AmaZulu: The Children of Heaven
Directed by Hanan Majid and Richard York
AmaZulu is about Mr Mtshali, the inspiring principal of Velabahleke High School in Umlazi Township in Kwazulu Natal province (near Durban).
Although racial apartheid ended in 1994, economic apartheid persists to the present day. The abject poverty in Umlazi Township is a prime example. The film profiles a dozen or so students, most of whom live in simple shacks without electricity or running water.
Most come from single parent families disrupted by HIV, alcohol and other side effects of poverty. For many the midday meal at school is their only food.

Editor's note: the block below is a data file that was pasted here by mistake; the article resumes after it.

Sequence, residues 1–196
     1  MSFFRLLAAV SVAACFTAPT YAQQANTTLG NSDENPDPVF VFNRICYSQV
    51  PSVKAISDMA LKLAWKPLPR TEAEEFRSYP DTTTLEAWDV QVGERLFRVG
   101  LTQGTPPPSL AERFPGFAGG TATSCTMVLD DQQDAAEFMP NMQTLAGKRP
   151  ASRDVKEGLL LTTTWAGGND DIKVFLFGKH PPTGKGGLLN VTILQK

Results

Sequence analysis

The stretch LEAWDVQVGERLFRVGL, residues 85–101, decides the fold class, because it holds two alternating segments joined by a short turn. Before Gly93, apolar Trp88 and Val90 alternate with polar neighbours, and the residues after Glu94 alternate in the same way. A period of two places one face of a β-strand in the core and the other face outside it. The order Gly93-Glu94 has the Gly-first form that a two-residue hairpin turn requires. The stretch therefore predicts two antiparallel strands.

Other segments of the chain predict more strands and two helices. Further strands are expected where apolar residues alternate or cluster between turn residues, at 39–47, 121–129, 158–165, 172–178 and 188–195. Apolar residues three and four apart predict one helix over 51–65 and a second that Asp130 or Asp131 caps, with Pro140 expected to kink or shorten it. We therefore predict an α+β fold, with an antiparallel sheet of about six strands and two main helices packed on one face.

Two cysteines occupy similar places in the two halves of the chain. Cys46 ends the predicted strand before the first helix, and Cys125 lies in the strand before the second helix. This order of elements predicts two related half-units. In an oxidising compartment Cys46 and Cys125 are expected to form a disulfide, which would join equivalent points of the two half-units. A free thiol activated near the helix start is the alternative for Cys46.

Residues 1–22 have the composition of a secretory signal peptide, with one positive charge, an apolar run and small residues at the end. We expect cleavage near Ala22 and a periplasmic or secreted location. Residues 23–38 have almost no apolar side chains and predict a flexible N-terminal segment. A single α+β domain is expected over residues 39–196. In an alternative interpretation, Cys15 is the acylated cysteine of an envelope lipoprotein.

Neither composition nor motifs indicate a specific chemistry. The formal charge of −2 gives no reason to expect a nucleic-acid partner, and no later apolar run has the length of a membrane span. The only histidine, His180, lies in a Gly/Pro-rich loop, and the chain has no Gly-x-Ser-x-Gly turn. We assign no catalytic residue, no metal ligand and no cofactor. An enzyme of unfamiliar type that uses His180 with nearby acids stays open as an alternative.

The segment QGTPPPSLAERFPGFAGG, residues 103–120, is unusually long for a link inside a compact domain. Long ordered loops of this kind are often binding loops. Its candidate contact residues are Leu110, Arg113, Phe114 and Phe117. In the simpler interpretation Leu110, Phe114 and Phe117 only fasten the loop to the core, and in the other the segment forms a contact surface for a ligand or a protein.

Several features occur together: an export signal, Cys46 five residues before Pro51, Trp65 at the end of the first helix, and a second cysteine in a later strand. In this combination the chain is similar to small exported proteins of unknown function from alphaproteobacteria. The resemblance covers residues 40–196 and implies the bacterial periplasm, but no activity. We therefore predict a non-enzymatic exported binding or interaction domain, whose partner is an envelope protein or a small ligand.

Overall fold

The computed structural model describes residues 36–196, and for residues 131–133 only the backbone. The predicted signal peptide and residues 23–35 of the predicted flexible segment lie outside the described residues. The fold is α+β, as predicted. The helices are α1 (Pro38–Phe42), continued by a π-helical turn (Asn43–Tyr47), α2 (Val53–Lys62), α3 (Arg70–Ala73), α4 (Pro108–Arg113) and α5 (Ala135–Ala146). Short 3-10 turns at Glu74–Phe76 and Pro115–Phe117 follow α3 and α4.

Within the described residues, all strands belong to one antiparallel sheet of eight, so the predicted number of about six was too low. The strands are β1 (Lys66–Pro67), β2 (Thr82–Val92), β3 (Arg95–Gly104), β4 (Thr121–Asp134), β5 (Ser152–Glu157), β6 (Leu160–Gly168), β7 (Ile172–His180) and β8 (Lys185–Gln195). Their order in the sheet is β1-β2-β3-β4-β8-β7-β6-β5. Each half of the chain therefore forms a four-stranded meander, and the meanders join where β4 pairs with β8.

As the filmmakers make clear, many of the students turn to Mtshali the principal for emotional support and parental guidance they don’t receive at home.
What I find most striking about the documentary is the number of students who talk about the importance of education for improving their circumstances. For most, their primary dream is to earn enough money to provide their mothers with a house (as opposed to a shack) to live in.
Third world poverty is always the result of third world dispossession – driving indigenous people off their land and depriving them of any means of supporting themselves. “Development” in the third world is a euphemism for confiscation and privatization of publicly owned resources.